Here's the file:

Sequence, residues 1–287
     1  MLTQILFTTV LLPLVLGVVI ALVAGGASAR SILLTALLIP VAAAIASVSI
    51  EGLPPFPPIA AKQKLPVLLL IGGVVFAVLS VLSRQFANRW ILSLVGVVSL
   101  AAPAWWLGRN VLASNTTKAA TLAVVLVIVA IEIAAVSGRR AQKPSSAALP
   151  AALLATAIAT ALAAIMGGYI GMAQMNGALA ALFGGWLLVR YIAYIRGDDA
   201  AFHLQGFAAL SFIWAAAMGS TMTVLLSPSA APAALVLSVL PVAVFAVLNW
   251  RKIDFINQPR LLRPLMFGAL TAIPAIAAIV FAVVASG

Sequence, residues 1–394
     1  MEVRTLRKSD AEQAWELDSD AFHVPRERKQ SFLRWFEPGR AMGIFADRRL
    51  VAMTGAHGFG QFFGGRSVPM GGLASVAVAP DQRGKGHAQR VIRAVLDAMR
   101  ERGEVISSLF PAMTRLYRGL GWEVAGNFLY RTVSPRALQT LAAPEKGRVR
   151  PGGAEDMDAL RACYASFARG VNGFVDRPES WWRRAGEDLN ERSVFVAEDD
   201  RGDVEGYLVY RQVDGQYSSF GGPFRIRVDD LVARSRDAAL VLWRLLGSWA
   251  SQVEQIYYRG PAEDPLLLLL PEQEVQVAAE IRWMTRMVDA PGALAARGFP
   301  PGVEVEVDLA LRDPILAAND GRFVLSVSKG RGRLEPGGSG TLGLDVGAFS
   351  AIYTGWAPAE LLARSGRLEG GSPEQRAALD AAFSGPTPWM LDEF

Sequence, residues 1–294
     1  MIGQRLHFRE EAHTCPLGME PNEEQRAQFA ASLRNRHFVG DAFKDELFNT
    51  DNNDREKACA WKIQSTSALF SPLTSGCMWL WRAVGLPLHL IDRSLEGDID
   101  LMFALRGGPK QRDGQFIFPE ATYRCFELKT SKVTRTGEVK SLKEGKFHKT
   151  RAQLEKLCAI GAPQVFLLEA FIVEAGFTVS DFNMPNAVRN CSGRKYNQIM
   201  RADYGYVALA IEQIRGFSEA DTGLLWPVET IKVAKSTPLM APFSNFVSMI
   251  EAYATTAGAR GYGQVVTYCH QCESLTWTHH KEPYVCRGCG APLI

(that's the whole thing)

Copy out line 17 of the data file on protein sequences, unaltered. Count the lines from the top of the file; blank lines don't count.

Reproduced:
Sequence, residues 1–294